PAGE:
People of the cyclone affected area experienced severe health problems such as diseases like diarrhea, which spread due to shortage of drinking water. The landfall of Sidr had followed the devastation caused by consecutive floods earlier in 2007. By January 15, 2008, the World Health Organization (WHO) reported that 44 people had Jaundice, 3,572 had Diarrhoea, 3,210 had Pneumonia, 7,538 were suffering from a skin disease, 2,309 had eye infections, and 10,349 had Typhoid Fever. To help reduce further spreading of the diseases, the Government of Norway provided the WHO with four water treatment plants to be used in areas affected by Sidr.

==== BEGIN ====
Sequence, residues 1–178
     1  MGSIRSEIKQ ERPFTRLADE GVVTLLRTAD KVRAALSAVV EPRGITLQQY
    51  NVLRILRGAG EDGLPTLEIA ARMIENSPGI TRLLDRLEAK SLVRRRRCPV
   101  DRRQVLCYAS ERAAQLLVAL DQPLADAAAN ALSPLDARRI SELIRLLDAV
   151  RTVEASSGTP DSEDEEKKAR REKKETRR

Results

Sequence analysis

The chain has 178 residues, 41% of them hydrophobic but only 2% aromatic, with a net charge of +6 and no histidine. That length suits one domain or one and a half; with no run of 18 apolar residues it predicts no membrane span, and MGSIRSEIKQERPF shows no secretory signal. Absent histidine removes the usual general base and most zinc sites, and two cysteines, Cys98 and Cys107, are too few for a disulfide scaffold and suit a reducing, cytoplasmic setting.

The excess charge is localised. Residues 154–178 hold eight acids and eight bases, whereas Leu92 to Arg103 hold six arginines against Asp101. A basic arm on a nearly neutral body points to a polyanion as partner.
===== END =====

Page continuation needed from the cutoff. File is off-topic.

The name Sidr was contributed by Oman; it is an Arabic name of a tree belonging to the genus Ziziphus, specifically the Ziziphus spina-christi. There is another saying that it is derived from the Sinhalese Language where "Sidr" means 'hole' or 'eye.